The Primary Treatment Of Rheumatoid Arthritis Is

By | December 28, 2018

Ibuprofen For The Treatment of Rheumatoid Arthritis and Osteoarthritis Overview

Ibuprofen is both an overthecounter anda prescription medication. The prescription form is used to relieve signs and symptomsof rheumatoid arthritis and osteoarthritis, mild to moderate pain, and is also used totreat primary dysmenorrhea. The prescription ibuprofen comes in a tablet, an oral suspension,and in the injectable forms, and may be taken up to six times per day. It may be taken withfood or milk to avoid stomach irritation. Do not take more than 3.2 grams of ibuprofenper day. Common side effects of prescription ibuprofen include nausea, heartburn, diarrhea,stomach irritation, or headache. It can also cause dizziness. Do not drive or operate heavymachinery until you know how this medication

will affect you. As is always the case, takethis medication only if your healthcare provider prescribes it for you. For RxWiki, I'm LindsayMorrison.

whats a safe dose of prednisone

A spirited debate was published in the Rheumatologist,a magazine I get. The topic was the use of prednisone in rheumatoid arthritis. Recentguidelines produced by the American College of Rheumatology regarding treatment of rheumatoidarthritis omitted the use of prednisone. John Kirwan, a professor at the Universityof Bristol, who wrote several papers showing that prednisone had diseasemodifying effectsand held back the destructive processes of rheumatoid arthritis (RA) made his pitch.He advocated the use of prednisone in combination therapy for this condition. Theodore Pincus, a professor at NYU, advocated the use of low dose prednisone (less thanor equal to 5 mgs a day). He provided evidence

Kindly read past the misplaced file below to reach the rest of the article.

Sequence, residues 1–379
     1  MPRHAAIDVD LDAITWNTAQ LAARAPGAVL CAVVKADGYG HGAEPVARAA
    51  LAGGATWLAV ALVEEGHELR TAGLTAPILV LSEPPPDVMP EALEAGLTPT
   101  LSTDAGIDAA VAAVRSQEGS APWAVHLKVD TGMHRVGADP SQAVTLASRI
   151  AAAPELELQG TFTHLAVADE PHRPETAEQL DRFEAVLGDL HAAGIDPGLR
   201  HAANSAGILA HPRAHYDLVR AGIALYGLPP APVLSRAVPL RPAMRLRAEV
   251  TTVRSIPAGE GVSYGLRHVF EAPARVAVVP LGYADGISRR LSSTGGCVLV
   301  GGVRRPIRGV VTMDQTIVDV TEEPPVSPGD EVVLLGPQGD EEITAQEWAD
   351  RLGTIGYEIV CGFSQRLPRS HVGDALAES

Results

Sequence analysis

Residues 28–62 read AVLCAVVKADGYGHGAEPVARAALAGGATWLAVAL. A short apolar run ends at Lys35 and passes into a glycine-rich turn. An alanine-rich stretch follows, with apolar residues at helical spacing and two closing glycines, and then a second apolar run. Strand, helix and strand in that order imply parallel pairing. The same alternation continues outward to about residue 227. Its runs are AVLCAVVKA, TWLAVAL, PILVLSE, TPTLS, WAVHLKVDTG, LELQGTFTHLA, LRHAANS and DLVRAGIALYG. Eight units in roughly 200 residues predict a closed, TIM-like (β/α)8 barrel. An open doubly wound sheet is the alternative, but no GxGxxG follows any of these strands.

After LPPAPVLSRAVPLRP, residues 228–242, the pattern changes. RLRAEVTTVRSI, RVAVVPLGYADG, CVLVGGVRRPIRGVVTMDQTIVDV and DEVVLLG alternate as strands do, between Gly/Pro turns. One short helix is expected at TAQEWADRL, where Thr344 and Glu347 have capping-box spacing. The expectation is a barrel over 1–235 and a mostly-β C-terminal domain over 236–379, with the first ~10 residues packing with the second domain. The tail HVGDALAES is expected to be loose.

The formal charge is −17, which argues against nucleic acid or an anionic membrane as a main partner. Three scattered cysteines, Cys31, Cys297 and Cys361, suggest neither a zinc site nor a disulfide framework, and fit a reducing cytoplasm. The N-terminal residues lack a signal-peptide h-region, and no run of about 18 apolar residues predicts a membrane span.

that it was safe and effective at that dose. Anthony S. Russell, a professor at the University of Alberta issued the counterpoint.He provided historical data showing that prednisone had long term toxicity without significantbenefit (in his opinion.) With all due respect to Russell, muchof the data he cited was old data when higher doses of prednisone were used. He also contendedthat primary care s would be tempted to use prednisone if they saw rheumatologistsusing it. My opinion is this. I use low dose prednisonea lot in my practice. By low dose, I mean 5 mgs or less. I think it is effective asan add on therapy. It is also a great quot;bridgequot;

if the patient is transitioning therapies.I have seen very little long term toxicity associated with this low dose approach. AndI think the benefits derived from improved activities of daily living far outweigh thenegatives. I do think that doses higher than 5 mgs should be avoided if possible. I alsodon't think the primary care issue is that big a deal although I admit. I have seensome indiscriminate use in my community.

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